One of the most prestigious sporting events in the world returns again this summer as the Olympics and Paralympics take place in Rio during August and September 2016. This four-yearly event doesn’t just offer athletes the opportunity to impress; there’s also the chance for brands to dazzle through smart content marketing. But beware – because while well considered activity can generate significant results, poorly considered activity can end in disaster and even penalisation. So how do you get it right?
This has been a summer of sport, and with all major sporting events, there are sponsorship and licensing agreements in place. Slazenger, Robinsons, and IBM were among the official partners of the Wimbledon championships, while Orange, Coca-Cola and Adidas were involved with Euro 2016. Coca-Cola is also involved in the Olympics alongside the likes of McDonald’s, Panasonic and P&G, and all will expect to get value and exclusivity from what will have been a sizeable financial investment.
To help ensure this, the International Olympic Committee (IOC) clamps down hard to ensure that only the brands officially involved with the Games can use official assets, such as the famous rings logo and even the word Olympics (or any variation thereof). The Rio Olympics’ official website lists the following as some of the ‘protected expressions’: ‘Olympic Games’, ‘Paralympic Games’, ‘Rio 2016 Olympic and Paralympic Games’, ‘Rio 2016 Games’, ‘Rio 2016’, ‘Rio Olympiad’, ‘Rio 2016 Olympiad’, ‘XXXI Olympic Games’.
Adding further context, the site states: “The use of the Rio 2016 brands for editorial and journalistic purposes is permitted if there is no commercial association between the published content and the Games…. It is not allowed to use the Rio 2016 brands in association with any kind of propaganda, whether partisan, religious, political and, especially, advertising with the purpose of promoting the sale of products and services.”
This essentially means that any use of logos or terminology that will associate a brand with the Games is strictly prohibited. So, for example, we can use those terms in this blog because this blog isn’t suggesting any commercial association between us (or any other brand) and the Games. However, if a brand were to run a ‘Gold Medal Sale’ or offer ‘Olympic Discounts’ that would be deemed a breach of the IOC’s rules and leave that brand open to potential penalty.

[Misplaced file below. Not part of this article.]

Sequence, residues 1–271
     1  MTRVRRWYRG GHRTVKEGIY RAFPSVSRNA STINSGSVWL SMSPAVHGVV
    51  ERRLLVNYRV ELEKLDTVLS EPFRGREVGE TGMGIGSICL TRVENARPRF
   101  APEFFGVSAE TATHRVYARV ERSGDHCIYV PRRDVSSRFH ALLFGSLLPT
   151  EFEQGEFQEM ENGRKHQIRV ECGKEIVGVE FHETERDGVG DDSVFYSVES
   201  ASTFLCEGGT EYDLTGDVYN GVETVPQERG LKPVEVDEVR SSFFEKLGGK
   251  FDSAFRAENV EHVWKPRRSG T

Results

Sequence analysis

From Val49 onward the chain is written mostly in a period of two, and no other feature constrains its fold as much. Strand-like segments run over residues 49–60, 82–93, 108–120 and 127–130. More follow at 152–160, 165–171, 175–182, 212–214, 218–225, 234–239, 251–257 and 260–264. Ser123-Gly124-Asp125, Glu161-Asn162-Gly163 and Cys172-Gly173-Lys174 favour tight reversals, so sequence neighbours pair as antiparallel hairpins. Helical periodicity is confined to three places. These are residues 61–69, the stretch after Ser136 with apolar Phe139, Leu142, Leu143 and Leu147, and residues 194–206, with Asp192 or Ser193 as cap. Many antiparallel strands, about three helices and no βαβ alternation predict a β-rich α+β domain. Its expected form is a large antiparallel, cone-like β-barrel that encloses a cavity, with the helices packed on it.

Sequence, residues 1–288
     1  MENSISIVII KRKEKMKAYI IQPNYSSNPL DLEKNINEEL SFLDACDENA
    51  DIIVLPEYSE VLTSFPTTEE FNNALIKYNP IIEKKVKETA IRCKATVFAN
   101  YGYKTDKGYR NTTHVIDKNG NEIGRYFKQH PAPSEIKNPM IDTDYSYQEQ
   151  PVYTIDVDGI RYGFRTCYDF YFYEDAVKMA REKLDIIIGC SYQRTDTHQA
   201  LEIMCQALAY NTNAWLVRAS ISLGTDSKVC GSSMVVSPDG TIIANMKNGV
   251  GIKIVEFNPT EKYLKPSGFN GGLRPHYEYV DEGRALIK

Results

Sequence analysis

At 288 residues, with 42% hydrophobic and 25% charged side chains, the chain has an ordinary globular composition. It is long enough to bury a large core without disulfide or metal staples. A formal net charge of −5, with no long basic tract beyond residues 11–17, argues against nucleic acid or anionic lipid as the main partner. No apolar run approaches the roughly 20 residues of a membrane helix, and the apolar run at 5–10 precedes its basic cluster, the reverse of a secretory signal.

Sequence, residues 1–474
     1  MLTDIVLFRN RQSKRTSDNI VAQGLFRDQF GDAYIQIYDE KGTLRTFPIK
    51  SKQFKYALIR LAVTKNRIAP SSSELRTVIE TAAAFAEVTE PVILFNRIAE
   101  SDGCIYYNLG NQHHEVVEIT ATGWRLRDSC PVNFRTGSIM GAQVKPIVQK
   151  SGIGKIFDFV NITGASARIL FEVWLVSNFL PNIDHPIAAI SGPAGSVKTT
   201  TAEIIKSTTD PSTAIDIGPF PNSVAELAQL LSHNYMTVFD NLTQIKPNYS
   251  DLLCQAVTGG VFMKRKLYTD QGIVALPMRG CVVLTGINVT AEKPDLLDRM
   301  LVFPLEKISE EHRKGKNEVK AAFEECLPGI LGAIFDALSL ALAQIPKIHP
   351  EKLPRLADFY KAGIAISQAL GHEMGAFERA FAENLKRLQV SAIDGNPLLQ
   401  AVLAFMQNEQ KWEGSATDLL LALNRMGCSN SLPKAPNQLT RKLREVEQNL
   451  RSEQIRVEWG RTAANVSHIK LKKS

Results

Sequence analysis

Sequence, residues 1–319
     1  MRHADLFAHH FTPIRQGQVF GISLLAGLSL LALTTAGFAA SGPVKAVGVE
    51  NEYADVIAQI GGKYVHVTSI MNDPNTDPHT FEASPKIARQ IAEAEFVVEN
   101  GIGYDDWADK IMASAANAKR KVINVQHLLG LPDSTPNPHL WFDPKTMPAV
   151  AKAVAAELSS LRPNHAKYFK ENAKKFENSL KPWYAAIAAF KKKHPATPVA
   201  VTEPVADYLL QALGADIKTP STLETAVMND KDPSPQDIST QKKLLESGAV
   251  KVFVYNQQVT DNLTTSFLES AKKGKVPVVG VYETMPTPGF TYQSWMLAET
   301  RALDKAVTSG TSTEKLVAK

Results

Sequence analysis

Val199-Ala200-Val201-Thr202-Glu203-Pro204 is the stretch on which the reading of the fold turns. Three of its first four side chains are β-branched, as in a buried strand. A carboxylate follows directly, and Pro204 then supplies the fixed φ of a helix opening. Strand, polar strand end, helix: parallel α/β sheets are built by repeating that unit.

Content Marketing Around The Olympics
So how can a brand still leverage the Olympics without contravening the rules? It’s difficult, but it can be done – if executed with care.
Understand your audience:
The first rule is to understand whether your audience will react to Olympics related content. It’s very easy to assume that everyone is interested in the Games, such is their ubiquity, but are they popular enough with your audience to warrant a role in your content strategy? There are plenty of other events happening across August and September, and they could chime with your target audience much more than the Olympics. Use your data and analytics, understand what your customers want and what they react to, and if it’s not the Olympics, either don’t venture towards Olympics-themed content marketing, or keep it minimal.
Make sure your content is relevant:
There’s nothing worse than a brand tweeting about irrelevant things just to seem current. At best, this practice can make a brand seem desperate, at worst it can come off as insensitive or offensive. There was minor controversy in 2015 when brands marked the anniversary of 9/11 by tweeting under the #NeverForget hashtag. Well intentioned though these tweets may have been, they don’t feel sincere enough coming from a major brand. On the lighter end of the scale, the birth of Princess Charlotte also encouraged many brand tweets, and while some were relevant (such as those from Mamas and Papas and Clarks Shoes), others were not. What exactly does Beats By Dre have to do with the Royal Baby? Keep it relevant or risk looking ridiculous.
You can’t write about the Games or any of the events, but that doesn’t mean you can’t write compelling content that your Olympics-loving audience can engage with. Holiday companies can create content around hot and sunny locations like Rio; soft drink companies can create content around getting out for a summer barbecue with their soft drink; fashion brands can write about how their customers can infuse a bit of Brazilian style into their personal look. None of this is tied directly to the Olympics, but it taps into emotions and themes that will be a part of the national and international conversation during August and September.
Distribute at the right time:
Timing is everything. The most perfectly crafted tweet or beautifully written blog post counts for nothing if it isn’t posted at the right time. So think not just about what you’re saying, but when you’re saying it. If the majority of your blog traffic comes between 7pm and 9pm, that’s the best time to publish. If you’re getting the majority of your social engagement over lunchtime on weekdays, that’s the best time to push out social postings. Additionally, pay close attention to the Olympic schedule and how people are responding to events online. Find popular events and sweet spots and take advantage by posting around them.
The Olympics is a major event that will capture interest across the globe. Brands who are looking to create content marketing opportunities around the Games should do so with caution, as it’s very easy to fall foul of the IOC’s strict rules and even easier to create bland and irrelevant content. When done well though, there’s a great chance for brands to really make an impact with their target audience.
How will your brand be taking advantage of the Olympics? Tweet us the content you’ve put together @FastWebMedia!